OS/2 eZine

16 July 2000

Christopher B. Wright is the Editor in Chief of OS/2 eZine, a title he tried to duck for many months with little success. When he's not working on OS/2 eZine (what? he's not supposed to have any other jobs!) he works on his web comic strip, Help Desk.

If you have a comment about the content of this article, please feel free to vent in the OS/2 eZine discussion forums.

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Wright's View

IBM VisualAge for Java: Idiot-Savant at Large... minus the "Savant" part.

Recently, the development team for IBM's VisualAge for Java announced that they would no longer be developing their product for OS/2. Here is an excerpt of a post sent to one of IBM's newsgroups concerning this decision (this information was first reported on OS/2.org):

IBM won't ship VisualAge for Java 3.5 for OS/2.
This clarification was sent to the newsgroup
ibm.software.vajava.non-technical 2000-06-30:

The OS/2 operating system is recommending that developers move to a platform neutral environment for the deployment of e-business applications by mid next year. Based on this decision, the VisualAge for Java team had very strong discussion about developing a 3.5 for OS/2 or not. I was part of the discussion. It seemed reasonable to not deliver a product that will be obsolete by mid next year. I am sure a lot of you will disagree. What we want is for you to be able to work on your platform of choice and to support you. If OS/2 decides you should migrate, why should our team say something else. I understand you do not agree with the OS/2 decision of asking you to migrate. What I do not understand is why are you blaming the decision of not providing a tool.

Knowing that, I believe the OS/2 will help each of us successfully migrating to another platform. And once again I will be frank. If you decide to migrate to a non IBM development environment because of that, I will be sad, I will understand your decision and I will wish you good luck in the future. If you decide to use VisualAge for Java we will make sure we support everything you do. OS/2 is still supported as a deployment environment with remote debug and EMSRV.

When I read this I found myself terribly confused. IBM claims that it has said clearly that it continues to support OS/2, only that it wants people to move to a "platform neutral environment." Supposedly this means that it doesn't care about your operating system, so long as you're using tools -- like Java -- that can run on all the platforms IBM supports. This seems like a reasonable interpretation, even a logical one.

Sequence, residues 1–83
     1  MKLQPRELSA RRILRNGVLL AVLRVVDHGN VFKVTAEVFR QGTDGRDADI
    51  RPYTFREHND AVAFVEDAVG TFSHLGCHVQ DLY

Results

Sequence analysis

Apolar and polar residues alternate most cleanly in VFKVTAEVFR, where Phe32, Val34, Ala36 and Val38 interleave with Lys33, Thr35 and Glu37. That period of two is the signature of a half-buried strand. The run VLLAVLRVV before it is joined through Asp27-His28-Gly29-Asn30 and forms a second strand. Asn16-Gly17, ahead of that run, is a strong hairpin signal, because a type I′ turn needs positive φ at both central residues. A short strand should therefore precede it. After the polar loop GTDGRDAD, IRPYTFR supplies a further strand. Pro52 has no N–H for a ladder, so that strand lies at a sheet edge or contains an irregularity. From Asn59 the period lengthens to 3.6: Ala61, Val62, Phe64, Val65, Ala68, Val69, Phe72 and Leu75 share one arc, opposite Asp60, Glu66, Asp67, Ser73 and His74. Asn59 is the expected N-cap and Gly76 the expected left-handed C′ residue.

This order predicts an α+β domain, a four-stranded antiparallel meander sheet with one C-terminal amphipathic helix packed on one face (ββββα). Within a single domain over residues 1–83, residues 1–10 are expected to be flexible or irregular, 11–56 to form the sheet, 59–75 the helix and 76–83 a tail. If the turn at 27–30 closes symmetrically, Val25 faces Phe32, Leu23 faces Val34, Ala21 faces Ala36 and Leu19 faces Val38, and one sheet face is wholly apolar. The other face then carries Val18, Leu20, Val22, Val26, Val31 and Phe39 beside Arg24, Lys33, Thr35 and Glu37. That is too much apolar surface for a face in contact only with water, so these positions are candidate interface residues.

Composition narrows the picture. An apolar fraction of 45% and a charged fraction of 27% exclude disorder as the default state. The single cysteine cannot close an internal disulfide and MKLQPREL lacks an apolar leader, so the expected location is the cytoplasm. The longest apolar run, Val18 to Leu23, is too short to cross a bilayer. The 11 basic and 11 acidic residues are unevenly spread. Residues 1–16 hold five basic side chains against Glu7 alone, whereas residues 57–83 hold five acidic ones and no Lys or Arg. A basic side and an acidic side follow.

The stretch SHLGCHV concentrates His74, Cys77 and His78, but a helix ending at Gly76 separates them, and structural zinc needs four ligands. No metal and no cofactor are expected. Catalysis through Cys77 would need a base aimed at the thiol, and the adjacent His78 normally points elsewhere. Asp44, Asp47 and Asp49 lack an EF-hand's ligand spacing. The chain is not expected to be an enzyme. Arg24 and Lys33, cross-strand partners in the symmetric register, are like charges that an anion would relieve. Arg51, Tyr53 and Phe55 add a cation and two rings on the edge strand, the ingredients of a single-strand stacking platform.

That's not the interpretation the VisualAge team used, however.

What kind of interpretation did they use? Well, I try to imagine the meeting that took place where this decision was made, and in my mind, it goes a bit like this:

Manager: "Guys, IBM wants everyone to move to a platform neutral environment. So we need to stop developing Visual Age for Java for OS/2."

Developer: "Why's that?"

Manager: "Because OS/2 is not a 'neutral platform.' If IBM is only supporting neutral platforms, then we can't support OS/2, because OS/2 is not neutral, it's OS/2."

Developer: "But OS/2 runs Java, which is a neutral platform."

Manager: "Yes, but VisualAge for Java doesn't run under java, it only creates Java programs. So it's not really platform-neutral either, but I don't want to stop developing VisualAge for Java, because that's my job. Instead, we'll just stop developing VisualAge for Java for OS/2."

Developer: "But if we stop providing that tool, OS/2 users won't be able to create platform-neutral applications."

Manager: "Then they'll have to migrate to an environment that is platform-neutral, like Linux or Windows."

Developer: "But Linux and Windows aren't platform-neutral! I mean, it's not like you can run a Linux application on a Windows machine..."

Manager: "I don't have time to listen to this. I have things to do. Right now I'm going to cover my ears and run into that wall over there as fast as I can, over and over again, until I pass out."

Now I can't swear that the conversation went exactly like that -- but I'm almost positive about that last line.

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